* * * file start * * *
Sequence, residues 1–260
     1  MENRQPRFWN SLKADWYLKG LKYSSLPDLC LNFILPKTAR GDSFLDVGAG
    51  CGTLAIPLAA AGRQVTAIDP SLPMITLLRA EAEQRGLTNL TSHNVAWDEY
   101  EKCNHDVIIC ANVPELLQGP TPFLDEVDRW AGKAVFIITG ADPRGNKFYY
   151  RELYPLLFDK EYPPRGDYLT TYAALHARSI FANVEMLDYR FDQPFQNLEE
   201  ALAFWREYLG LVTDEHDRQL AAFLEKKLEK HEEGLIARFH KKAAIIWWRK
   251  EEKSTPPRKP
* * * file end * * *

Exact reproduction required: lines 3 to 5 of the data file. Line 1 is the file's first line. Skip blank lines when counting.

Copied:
    51  CGTLAIPLAA AGRQVTAIDP SLPMITLLRA EAEQRGLTNL TSHNVAWDEY
   101  EKCNHDVIIC ANVPELLQGP TPFLDEVDRW AGKAVFIITG ADPRGNKFYY
   151  RELYPLLFDK EYPPRGDYLT TYAALHARSI FANVEMLDYR FDQPFQNLEE